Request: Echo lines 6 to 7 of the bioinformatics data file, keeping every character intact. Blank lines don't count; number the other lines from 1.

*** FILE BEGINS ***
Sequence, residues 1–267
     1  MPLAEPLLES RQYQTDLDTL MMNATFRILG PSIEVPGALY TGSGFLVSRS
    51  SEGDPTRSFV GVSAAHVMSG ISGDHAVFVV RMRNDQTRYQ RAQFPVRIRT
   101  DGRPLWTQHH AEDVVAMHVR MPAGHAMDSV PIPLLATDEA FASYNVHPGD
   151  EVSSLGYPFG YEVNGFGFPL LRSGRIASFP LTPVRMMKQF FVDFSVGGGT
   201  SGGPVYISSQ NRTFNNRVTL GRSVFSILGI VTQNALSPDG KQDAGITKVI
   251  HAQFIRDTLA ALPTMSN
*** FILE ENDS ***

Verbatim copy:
   201  SGGPVYISSQ NRTFNNRVTL GRSVFSILGI VTQNALSPDG KQDAGITKVI
   251  HAQFIRDTLA ALPTMSN